Let's say that you buy a brand new car, but can't replace every 3-5 years, so you keep it for as long as possible - for the sake of argument, let's call that 20 years. That's still £1.5K a year in depreciation and increasing repair and maintenance costs as the car gets older.

Short of winning the lottery or meeting a really eccentric millionnaire, I can't see me ever being able to afford a brand new car. So, I'd rather have a car I love. OK, so I may well be in for £3K to catch up with everything that needs doing to it mechanically and cosmetically over the next year or two, maybe more. But I can't see it costing me £3K a year for every year I own it, especially as I am working towards being able to do more (or even any lol) stuff myself rather than having to pay the experts to do it. Modern cars have so much complexity that many units are sealed and it's impossible to "DIY".

The real issue is the the 'hassle factor' - but you're never going to remove that risk entirely, whatever you drive, so the 'risk appetite' has to be up to the individual. However, no-one will ever convince me that it's "stupid" purely mathematically speaking to be running round in an old banger, especially if its your hobby as well as your transport.

EDIT: just 'cos I read Paul296's post again and have to point out that he's described the "we do it for love" bit so eloquently. And that you can't assign a monetary value to. It was the Fungus the Bogeyman bit that was priceless. :rofl:
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Paul296
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Post by Paul296 » Sat Apr 07, 2012 5:31 pm

First off - I really hate internet forum spats. In real life most people conduct discussions such as this over a cup of tea and a slice of cake with the understanding that while it's interesting, it's not really THAT important.

Cyber space on the other hand seems to turn otherwise eminently reasonable men and women into pistol packin' vigilantes screaming 'make my day punk' into the virtual ether :shock: . Since (in general) I'm a 'cup of tea and slice of cake' kinda' guy, the following is written with that in mind.

The thing is, the sign on the door reads; 'BXClub.co.uk'. If you think BXs are simply not worth getting all luvvy duvvy about, and are in fact crappy old 'accident waiting to happen' money pits, were even sending them to the crusher would be a waste of the crushers precious time, and that further, BX owners are self deluding fools who should spend less time tilting at windmills and more time saving their pennies to buy a 'proper' car . . . well, ( call me old fashioned but) there's one question - that for me at least - hangs heavy in the air; wot yer doin' 'ere?

The folks that populate this site are grown ups (well, more or less!). Grown ups know that cars (as with so much else in life) are a risk; you make your choice, pay your money and try not to winge when it all blows up in your face - which to be fair, it probably will at some point. At one juncture I could have spent a few grand on a 'proper' car; something with a German badge on the bonnet, that enabled me to waft up and down the fast lane of motorways, tailgating and flashing my break lights with the best (or worst?) of 'em. Problem is, I don't like 'proper cars'. While the skills of real designers and real engineers are undoubtedly still involved, what inevitably hits the forecourt is the 'last word' of accountants, market research mandarins and the flaky demands of fashion. The modern consumer gets all the individuality, engineering excellence, true beauty and design flair that they demand from a modern car; i.e. none (to be fair there are exceptions but you really need a lottery win to grab a slice of that action).For me the modern motor car is the automotive equivalent of a James Blunt record; music for people who don't really care that much about music. Not only do I not like modern cars, I detest modern car culture; over engineered, built in obsolescence that is a profligate waste of precious natural resources. My old car actually affords me the opportunity of giving the finger to all of that shite.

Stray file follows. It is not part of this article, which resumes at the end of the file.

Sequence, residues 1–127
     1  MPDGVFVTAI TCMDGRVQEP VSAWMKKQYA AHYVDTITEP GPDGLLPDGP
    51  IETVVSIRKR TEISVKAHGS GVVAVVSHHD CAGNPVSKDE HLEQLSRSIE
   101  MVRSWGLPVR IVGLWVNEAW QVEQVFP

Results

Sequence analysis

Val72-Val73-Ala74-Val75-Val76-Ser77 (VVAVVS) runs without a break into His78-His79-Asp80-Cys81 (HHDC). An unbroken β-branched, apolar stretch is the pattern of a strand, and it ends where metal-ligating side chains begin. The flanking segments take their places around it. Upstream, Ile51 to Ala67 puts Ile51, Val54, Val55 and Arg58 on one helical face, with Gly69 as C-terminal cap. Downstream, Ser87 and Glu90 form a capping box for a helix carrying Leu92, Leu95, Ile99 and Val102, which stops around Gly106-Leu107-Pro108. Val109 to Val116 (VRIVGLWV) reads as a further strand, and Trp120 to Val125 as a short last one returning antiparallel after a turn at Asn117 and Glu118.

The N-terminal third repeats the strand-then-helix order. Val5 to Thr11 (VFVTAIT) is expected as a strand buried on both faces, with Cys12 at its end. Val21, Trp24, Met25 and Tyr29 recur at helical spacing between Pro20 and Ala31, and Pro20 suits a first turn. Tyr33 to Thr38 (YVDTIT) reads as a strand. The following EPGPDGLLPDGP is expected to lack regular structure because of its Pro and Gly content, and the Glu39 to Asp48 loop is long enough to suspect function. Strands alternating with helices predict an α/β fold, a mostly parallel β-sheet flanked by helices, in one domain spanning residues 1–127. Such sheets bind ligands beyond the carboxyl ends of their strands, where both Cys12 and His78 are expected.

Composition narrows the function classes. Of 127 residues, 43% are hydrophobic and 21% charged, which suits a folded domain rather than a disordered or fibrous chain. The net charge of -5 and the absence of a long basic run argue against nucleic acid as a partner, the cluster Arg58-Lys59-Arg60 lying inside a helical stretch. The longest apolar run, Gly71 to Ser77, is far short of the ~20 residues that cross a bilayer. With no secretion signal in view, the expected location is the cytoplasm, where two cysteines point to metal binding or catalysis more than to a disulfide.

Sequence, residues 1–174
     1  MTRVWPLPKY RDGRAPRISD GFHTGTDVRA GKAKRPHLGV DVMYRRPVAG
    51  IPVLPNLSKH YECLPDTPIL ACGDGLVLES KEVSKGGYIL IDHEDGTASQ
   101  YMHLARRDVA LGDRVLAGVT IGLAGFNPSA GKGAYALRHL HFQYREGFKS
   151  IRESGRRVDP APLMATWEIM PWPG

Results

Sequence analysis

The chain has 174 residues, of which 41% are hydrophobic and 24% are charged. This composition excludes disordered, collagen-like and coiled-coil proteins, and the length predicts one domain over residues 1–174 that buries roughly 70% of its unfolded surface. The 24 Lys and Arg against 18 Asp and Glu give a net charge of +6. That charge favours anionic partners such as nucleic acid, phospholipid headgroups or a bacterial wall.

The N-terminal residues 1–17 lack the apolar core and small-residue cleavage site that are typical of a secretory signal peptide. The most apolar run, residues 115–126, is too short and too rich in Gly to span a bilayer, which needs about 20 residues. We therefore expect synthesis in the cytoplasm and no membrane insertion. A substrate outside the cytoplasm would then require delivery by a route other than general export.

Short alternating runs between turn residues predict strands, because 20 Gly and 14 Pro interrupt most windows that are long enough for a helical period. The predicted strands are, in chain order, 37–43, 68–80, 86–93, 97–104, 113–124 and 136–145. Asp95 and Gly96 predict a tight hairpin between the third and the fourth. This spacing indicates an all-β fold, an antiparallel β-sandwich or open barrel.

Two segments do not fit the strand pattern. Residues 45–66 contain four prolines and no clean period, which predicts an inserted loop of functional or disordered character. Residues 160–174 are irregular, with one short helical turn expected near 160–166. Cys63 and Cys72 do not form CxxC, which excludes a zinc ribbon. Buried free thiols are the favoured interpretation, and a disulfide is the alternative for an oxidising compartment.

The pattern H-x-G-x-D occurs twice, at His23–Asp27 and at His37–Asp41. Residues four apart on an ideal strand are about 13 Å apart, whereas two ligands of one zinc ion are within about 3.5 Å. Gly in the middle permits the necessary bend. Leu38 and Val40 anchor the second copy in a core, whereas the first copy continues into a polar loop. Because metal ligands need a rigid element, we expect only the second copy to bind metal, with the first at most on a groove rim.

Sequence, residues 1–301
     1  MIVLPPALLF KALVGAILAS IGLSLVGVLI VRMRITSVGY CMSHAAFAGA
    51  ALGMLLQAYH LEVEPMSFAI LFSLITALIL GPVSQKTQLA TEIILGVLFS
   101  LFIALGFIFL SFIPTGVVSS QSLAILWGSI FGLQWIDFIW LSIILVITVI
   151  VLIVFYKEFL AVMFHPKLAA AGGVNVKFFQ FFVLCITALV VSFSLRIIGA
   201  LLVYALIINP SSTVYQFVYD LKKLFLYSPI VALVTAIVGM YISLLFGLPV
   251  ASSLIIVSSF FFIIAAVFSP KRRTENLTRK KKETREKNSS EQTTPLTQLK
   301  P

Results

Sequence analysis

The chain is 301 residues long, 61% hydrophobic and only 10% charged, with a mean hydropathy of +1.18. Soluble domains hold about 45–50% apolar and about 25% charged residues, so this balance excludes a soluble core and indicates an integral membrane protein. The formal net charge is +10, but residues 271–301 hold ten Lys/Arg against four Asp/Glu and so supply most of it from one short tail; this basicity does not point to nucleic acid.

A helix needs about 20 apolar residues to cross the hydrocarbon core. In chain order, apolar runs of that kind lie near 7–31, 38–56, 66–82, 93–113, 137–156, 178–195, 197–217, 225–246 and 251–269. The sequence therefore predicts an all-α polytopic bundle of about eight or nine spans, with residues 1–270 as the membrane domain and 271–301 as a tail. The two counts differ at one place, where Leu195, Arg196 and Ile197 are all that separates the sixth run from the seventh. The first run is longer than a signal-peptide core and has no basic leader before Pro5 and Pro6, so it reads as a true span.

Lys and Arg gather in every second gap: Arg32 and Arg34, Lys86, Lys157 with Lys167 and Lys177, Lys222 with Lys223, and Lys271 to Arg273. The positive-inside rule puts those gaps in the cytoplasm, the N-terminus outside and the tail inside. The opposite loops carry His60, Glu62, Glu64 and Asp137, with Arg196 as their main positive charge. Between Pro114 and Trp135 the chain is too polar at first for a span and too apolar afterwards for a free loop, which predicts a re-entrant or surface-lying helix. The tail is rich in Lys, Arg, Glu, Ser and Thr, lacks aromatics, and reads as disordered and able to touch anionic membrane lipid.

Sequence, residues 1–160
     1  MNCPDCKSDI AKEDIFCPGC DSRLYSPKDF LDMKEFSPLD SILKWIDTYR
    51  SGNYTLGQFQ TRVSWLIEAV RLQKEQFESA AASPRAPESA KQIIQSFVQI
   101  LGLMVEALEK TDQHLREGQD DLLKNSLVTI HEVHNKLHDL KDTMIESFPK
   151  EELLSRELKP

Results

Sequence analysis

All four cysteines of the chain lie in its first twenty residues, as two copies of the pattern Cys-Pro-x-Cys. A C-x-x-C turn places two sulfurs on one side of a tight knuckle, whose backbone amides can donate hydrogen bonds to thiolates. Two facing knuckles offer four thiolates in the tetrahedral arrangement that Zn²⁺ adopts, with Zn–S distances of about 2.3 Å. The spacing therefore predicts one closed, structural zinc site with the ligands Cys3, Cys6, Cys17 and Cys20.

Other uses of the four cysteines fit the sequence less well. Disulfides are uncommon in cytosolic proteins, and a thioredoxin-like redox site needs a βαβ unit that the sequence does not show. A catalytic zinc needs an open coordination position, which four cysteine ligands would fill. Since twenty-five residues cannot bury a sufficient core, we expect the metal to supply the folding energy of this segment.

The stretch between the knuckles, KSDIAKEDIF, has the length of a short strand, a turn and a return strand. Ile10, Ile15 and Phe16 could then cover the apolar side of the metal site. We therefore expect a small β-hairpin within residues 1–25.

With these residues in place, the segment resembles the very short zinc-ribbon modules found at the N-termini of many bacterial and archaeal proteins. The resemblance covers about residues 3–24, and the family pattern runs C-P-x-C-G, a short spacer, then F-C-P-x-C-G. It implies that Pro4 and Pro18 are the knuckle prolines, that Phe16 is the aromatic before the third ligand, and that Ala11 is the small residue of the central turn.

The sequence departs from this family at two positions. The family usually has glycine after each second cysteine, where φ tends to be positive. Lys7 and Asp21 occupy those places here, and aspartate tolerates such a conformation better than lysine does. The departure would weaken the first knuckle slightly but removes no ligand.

I love my BXs. I think they're beautiful. In terms of Citroen motor cars in general they're probably the PSA compromised, half plastic bag end of a long and illustrious line. They're also the bag end of a beautiful idea; that maybe things could be done differently, maybe there are more beautiful, more elegant solutions to the humdrum queries of practicality if we use our imagination. The odd thing is the demise of that quixotic idealism that once characterized the Citroen car company closely maps the disappearance of any analogous idealism in the Western world in general. Maybe, my stubborn commitment to driving a crappy old car poised to spill its guts all over my mates hard standing, is my stubborn refusal to accept that in the end 'utilitarian' and 'practical' are your best options. Given the choice of a beautiful idea over a sensible one - well for me anyway - it's just a no brainer.

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Post by Mickey taker » Sat Apr 07, 2012 6:19 pm

I agree Paul ,
I am not keen on modern cars,
in fact I detest most things with a catalytic converter with a passion .
The BX is deffinately an enthusiasts car, mine is my sixth and I love it, but I can understand peoples enthusiasm waining if they have problems,
You either give up or roll your sleeves up :lol:
1991 BX Meteor 1.6

light travels faster than sound, thats why you look intelligent and then you spoil it all by opening your mouth !!!!!